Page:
### Different properties of two walks

In this work, we focus on different structural properties of *v*-walk and *e*-walk. The *v*-walk shows a labeled relationship from a head to its modifier. Thus, it is related to a direct dependency relationship between two words or POS. On the other hand, *e*-walk describes the immediate dependency structure around a node. If a node is a predicate, then it has a close connection with the sub-categorization information which is important in semantic role labeling task for discovering the predicate-argument structure for a given sentence.

In Figure 2c, the *e*-walk of "*sub(UP)-control-comp_by (DN)*" shows the argument structure of the predicate verb, "*control*". In this case, one entity fills the "*subject*" argument of "*control*" and the other entity directly or indirectly fills the "*comp_by*" role. If an instance holds such dependency structure with respect to the predicate of "*control*", it is very likely that two NEs in the structure have a genic relation. The semantic relations among predicates and their modifiers are clearly helpful for relation extraction. According to [28], the F-score was improved by 15% when incorporating semantic role information into the information extraction system.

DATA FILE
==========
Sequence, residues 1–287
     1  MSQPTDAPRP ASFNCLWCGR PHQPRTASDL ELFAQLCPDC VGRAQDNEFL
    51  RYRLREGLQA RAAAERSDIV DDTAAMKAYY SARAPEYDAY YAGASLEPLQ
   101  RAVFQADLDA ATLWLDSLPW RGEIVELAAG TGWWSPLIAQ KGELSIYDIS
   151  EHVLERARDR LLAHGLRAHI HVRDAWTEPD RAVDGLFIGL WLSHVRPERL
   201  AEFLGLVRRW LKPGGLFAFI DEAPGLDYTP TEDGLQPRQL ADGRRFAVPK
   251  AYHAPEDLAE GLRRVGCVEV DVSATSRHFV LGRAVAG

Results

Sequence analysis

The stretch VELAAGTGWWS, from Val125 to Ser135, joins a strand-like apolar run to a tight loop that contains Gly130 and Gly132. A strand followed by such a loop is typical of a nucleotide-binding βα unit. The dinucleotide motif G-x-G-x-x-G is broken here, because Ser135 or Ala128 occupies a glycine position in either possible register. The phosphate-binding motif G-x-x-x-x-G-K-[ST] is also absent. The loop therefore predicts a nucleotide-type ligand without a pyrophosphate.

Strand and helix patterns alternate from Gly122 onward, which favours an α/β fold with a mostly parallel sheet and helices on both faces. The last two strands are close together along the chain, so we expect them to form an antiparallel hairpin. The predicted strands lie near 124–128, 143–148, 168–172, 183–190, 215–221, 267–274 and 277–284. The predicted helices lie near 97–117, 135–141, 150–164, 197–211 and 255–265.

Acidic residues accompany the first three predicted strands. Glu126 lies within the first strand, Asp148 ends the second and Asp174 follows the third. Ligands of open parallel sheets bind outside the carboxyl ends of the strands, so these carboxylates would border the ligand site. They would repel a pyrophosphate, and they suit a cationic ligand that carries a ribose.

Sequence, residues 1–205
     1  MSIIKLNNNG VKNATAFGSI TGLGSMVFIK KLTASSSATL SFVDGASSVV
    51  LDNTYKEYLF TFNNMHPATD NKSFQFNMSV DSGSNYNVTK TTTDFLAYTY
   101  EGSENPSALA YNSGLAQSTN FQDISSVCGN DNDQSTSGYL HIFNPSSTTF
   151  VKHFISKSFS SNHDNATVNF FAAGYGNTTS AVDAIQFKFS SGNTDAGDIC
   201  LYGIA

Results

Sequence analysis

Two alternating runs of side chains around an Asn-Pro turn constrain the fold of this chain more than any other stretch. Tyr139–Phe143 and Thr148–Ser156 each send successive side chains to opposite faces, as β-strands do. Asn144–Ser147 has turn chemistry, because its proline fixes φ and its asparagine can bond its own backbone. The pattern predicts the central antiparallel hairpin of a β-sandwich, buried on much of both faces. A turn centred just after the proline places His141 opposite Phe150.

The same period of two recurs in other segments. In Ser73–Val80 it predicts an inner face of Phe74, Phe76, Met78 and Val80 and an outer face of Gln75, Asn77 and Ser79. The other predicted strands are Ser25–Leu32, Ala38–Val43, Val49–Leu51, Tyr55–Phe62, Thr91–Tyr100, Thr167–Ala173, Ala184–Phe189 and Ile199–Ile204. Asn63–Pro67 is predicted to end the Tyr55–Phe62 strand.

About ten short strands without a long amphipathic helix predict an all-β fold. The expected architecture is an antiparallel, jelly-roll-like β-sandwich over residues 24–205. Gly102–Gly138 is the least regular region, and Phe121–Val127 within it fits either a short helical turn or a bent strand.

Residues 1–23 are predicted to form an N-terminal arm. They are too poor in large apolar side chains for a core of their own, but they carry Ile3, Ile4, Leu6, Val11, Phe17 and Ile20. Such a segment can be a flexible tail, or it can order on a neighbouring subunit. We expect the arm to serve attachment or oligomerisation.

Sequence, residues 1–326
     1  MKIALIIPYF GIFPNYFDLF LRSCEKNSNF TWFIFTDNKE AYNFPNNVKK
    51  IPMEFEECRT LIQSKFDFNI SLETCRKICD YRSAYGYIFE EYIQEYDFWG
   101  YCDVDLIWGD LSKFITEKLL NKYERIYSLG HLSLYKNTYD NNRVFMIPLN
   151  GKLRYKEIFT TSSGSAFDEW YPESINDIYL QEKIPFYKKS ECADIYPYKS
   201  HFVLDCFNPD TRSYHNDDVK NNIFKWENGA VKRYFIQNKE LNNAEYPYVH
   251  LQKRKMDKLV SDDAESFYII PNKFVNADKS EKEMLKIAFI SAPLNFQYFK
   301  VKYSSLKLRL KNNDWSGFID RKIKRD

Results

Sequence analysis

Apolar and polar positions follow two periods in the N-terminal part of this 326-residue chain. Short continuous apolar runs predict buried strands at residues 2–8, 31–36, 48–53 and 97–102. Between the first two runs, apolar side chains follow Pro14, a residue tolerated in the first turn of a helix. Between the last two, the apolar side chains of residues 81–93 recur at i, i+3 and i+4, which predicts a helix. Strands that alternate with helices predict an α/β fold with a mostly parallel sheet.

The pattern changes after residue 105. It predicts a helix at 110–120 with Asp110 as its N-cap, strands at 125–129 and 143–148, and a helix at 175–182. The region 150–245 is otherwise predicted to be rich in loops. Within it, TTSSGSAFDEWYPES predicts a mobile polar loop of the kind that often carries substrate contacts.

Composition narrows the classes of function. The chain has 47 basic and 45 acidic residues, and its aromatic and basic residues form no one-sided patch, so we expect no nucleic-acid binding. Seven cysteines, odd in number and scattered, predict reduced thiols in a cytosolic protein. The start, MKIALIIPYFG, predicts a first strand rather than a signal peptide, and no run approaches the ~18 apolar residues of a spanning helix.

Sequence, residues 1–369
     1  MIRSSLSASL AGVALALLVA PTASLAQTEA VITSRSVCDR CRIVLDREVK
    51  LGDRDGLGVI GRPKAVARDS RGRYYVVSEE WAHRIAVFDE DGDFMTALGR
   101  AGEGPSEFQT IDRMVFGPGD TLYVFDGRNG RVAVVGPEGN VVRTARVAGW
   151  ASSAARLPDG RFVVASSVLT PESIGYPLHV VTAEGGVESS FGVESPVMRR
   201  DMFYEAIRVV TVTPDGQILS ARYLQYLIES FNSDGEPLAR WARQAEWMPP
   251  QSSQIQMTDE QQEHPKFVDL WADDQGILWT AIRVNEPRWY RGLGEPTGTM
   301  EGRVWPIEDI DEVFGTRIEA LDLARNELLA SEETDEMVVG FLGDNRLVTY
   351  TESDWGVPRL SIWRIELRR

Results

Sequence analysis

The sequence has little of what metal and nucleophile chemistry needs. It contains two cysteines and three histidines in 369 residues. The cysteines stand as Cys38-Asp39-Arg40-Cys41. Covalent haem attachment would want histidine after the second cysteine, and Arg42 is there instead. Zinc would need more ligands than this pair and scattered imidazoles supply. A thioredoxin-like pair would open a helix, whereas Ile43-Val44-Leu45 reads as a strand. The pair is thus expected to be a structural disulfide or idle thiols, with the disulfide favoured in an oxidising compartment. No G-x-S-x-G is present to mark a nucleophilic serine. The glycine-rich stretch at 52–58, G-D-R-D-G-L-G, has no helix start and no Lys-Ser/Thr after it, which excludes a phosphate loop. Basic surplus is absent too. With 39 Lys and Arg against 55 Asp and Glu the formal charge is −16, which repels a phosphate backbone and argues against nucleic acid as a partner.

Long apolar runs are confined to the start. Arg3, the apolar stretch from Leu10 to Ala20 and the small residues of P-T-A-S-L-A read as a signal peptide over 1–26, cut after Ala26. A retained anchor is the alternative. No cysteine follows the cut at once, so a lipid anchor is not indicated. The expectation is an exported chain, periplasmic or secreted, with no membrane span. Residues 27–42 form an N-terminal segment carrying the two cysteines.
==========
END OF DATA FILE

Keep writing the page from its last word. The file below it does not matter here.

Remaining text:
Thus, we evaluated each walk type's contribution to the interaction extraction. For this, we conducted the experiment by restricting the walk kernel to operate with a single walk type. As shown in Table 3, we could achieve a quite competing result only with *e*-walk information. Clearly, this result demonstrates that *e*-walk contributes more to the overall similarity for relation learning than *v*-walk since it is related to semantic role information. However, the *e*-walk style structural information is excluded in the previous dependency kernel, which is one of the reasons for the low performance. Therefore, such information should be considered as prior knowledge, and be regarded as more significant structures, among the subpaths.

### Modified dependency kernel